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ARCHIVED - Forecasts expire after 24 hours.
Issued
Sat, April 9th, 2016 - 7:00AM
Expires
Sun, April 10th, 2016 - 7:00AM
Forecaster
Heather Thamm
Avalanche risk The Bottom Line

The avalanche danger is  CONSIDERABLE  in Turnagain Pass due to rain, blowing snow and glide avalanches. Below 2500′ large destructive glide avalanches and human triggered wet loose avalanches are possible today. In the Alpine fresh wind slabs, 1′-2′ thick are possible where the snow is drier and winds are strong. Cautious route-finding and snowpack evaluation will be essential, and it will be extra important to avoid being under the runout of glide cracks.

Today’s avalanche problems are in order of encountering them while ascending in elevation and today’s storm should warrant extra caution as the danger increase throughout the day.  If more precipitation falls than expected and winds remain strong, today’s avalanche danger could increase to  HIGH.  Be on the lookout for Natural avalanche activity and adapt to changing conditions.

Summer use trails with avalanche terrain above should be avoided due to natural avalanche activity from above. Byron trail in Portage Valley is not a recommended and the Turnagain Arm Trail between Bird and Girdwood, remains CLOSED.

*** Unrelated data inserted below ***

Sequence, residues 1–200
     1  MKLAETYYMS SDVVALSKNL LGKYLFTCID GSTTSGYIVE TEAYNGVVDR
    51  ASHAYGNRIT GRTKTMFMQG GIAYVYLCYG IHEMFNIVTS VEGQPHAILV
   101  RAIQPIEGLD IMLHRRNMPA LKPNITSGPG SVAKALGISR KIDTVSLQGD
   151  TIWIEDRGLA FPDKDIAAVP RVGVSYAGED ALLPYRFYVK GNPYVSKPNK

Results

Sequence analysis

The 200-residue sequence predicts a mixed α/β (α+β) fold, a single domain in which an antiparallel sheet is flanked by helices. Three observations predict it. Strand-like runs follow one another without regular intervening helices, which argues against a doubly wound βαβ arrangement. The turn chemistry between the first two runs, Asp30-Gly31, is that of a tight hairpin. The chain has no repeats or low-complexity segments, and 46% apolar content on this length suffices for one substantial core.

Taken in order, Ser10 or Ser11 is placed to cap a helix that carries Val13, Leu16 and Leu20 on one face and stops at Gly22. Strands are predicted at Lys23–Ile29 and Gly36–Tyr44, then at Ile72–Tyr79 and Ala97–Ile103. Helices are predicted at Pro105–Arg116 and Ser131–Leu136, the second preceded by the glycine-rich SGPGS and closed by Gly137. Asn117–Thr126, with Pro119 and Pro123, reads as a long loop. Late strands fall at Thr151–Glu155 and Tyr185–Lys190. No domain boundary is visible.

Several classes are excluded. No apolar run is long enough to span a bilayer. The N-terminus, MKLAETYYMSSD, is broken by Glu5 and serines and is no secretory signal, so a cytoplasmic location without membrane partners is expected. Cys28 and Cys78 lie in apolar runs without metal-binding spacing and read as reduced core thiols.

*If you are headed to the Summit Lake area don’t forget to check  Summit Lake Summary.  

Special Announcements

The Chugach National Forest will be closing some riding areas to motorized use today due to snow melting out.  Please see the table at the bottom of this page for a complete list.  Snug Harbor, Summit Lake and Turnagain Pass (N. of Granite creek) will remain open.  

Sat, April 9th, 2016
Alpine
Above 2,500'
3 - Considerable
Avalanche risk
Treeline
1,000'-2,500'
3 - Considerable
Avalanche risk
Below Treeline
Below 1,000'
0 - No Rating
Avalanche risk
0 - No Rating
1 - Low
2 - Moderate
3 - Considerable
4 - High
5 - Extreme
Avalanche risk Avalanche risk Avalanche risk Avalanche risk Avalanche risk
Travel Advice Generally safe avalanche conditions. Watch for unstable snow on isolated terrain features. Heightened avalanche conditions on specific terrain features. Evaluate snow and terrain carefully; identify features of concern. Dangerous avalanche conditions. Careful snowpack evaluation, cautious route-finding, and conservative decision-making essential. Very dangerous avalanche conditions. Travel in avalanche terrain not recommended. Extraordinarily dangerous avalanche conditions. Avoid all avalanche terrain.
Likelihood of Avalanches Natural and human-triggered avalanches unlikely. Natural avalanches unlikely; human-triggered avalanches possible. Natural avalanches possible; human-triggered avalanches likely. Natural avalanches likely; human-triggered avalanches very likely. Natural and human-triggered avalanches certain.
Avalanche Size and Distribution Small avalanches in isolated areas or extreme terrain. Small avalanches in specific areas; or large avalanches in isolated areas. Small avalanches in many areas; or large avalanches in specific areas; or very large avalanches in isolated areas. Large avalanches in many areas; or very large avalanches in specific areas. Very large avalanches in many areas.